If you can come in with the right mindset, perhaps. Trouble is, you can’t help expecting fireworks of a Porsche, and this car fails to deliver them. Other diesel saloons are faster, better handling and more entertaining – and we can’t help thinking that’ll disappoint many.

Still, if you simply don’t require your diesel-engined Panamera to handle or perform quite as well as the petrols – if you’ve been waiting for a Porsche you can drive 800 miles in one sitting, and don’t care whether it’s as sporting as it could be – you’ll like this car. It’s certainly an unusually single-minded and long-legged GT; just not quite the driver’s car we were hoping for.

Porsche Panamera 3.0 Diesel

Price: £62,134; 0-62mph: 6.8sec; Top speed: 150mph; Economy: 44.8mpg; CO2 emissions: 167g/km; Kerb weight: 1880kg; Engine layout: V6, 2967cc, turbodiesel; Power: 247bhp at 3800-4400rpm; Torque: 406lb ft at 1750-2750rpm; Power to weight: 131bhp per tonne; Specific output: 83bhp per litre; Gearbox: 8-spd automatic

Join the debate

Comments
17

22 July 2011

The figures speak for it self - 247bhp in a large tourer?

Buy a BMW 535d or 740d and keep the rest for cheap women and wine!

if it's heavy, it ain't happenin' 

22 July 2011

I wouldn't buy it simply for how hideous it looks.

22 July 2011

Unfortunately I believe it will sell very well in Europe with all those people that only care about the badge. So many people will think that owning a Porsche will be much better for their image and ego than a better BMW, Mercedes, Audi.....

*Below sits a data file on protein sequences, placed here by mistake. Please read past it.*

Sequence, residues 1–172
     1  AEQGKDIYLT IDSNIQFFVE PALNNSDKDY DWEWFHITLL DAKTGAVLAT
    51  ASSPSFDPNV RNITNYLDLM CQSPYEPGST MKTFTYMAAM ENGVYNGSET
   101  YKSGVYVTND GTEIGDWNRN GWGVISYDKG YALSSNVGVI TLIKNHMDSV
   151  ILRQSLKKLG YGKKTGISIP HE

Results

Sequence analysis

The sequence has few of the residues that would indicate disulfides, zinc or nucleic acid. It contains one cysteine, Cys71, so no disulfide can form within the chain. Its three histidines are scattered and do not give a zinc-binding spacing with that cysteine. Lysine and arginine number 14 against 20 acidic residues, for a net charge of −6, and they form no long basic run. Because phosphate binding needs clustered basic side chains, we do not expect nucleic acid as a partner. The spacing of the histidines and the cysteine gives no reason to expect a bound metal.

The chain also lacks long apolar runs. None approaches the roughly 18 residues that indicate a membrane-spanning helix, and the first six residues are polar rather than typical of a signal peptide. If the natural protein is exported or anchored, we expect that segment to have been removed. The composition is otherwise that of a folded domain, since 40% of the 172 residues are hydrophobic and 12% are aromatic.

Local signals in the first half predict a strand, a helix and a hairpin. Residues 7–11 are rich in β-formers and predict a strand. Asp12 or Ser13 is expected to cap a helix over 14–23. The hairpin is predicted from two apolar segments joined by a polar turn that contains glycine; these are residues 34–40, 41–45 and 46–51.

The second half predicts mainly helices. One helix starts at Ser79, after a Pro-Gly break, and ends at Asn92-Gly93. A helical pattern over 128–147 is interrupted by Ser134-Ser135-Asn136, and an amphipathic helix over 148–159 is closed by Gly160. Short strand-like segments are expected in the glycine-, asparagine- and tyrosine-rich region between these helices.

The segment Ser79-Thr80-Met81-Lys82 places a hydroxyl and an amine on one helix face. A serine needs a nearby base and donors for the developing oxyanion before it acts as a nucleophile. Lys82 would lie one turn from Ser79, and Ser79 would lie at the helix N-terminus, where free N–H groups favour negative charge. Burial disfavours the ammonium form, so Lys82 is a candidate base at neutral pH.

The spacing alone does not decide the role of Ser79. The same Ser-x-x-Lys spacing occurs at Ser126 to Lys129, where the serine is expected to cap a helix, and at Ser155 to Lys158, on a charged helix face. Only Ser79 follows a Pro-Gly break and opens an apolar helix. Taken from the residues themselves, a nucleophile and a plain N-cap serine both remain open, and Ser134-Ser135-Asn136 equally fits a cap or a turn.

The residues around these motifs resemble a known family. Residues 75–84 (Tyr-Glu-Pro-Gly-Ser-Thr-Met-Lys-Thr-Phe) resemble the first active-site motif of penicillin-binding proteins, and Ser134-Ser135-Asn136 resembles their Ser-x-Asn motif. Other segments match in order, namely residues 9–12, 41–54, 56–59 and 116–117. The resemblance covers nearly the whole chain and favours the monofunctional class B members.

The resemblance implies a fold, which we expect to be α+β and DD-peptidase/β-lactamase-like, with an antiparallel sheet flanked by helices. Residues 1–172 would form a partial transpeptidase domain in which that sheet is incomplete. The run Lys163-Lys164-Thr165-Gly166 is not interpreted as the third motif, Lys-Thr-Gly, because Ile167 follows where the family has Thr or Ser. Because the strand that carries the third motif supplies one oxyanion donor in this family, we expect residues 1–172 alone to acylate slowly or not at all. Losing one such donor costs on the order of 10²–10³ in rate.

22 July 2011

soon there will be a Panamera S diesel.

and then, like know, the ones that really aim to get one, will don`t give a *** to those Bimmers, Mercs and all... and Jags too.

22 July 2011

[quote coolboy]

soon there will be a Panamera S diesel.

and then, like know, the ones that really aim to get one, will don`t give a *** to those Bimmers, Mercs and all... and Jags too.

[/quote]

Well said.

22 July 2011

[quote Lotus Man]

The figures speak for it self - 247bhp in a large tourer?

Buy a BMW 535d or 740d and keep the rest for cheap women and wine!

[/quote] What he said. ;)

22 July 2011

I read your blog and the thought 'don't drink and drive' should be something which also applies to you when you are blogging. Seriously, it'll help you be a bit more coherent.

22 July 2011

Its finally here guys, what we all have been waiting for a 4 door diesel Porsche Saloon. They have finally created a Porsche that is ugly, slow, pricey and boring, Oh wait they already made the Cayenne diesel. No doubt it will still sell.

Consider this after the Cayenne they are planning a smaller Cajun, anything that sells. So expect a smaller 4 door Porsche saloon with a 2 liter diesel delivering 60 miles to the gallon....ha ha lol!! Soon there will be a better Mondeo than a Porsche!!



22 July 2011

[quote coolboy]soon there will be a Panamera S diesel.[/quote]

As an entry model into the Panamera range having a 247 bhp diesel makes sense for those who can afford the purchase price but do not want high fuel costs. After all it is the only diesel powered Porsche available. It will be interesting to see what percentage of Panamera sales throughout Europe go to the diesel version and will Porsche bring out a 4.2 litre V8 version using the Audi engine called the Panamera S.

22 July 2011

[quote The Special One]

[quote Lotus Man]

The figures speak for it self - 247bhp in a large tourer?

Buy a BMW 535d or 740d and keep the rest for cheap women and wine!

[/quote] What he said. ;)[/quote]

For someone who can't stand Porsche, you have an uncanny consistency for reading and commenting on them.

I think Porsche should have upped the power a little just to make it slightly less obvious that it has an Audi engine in it. And I too fully expect the 4.2 TDI engine to enter the range, perhaps in about a years time.

The comments section needs a makeover... how about a forum??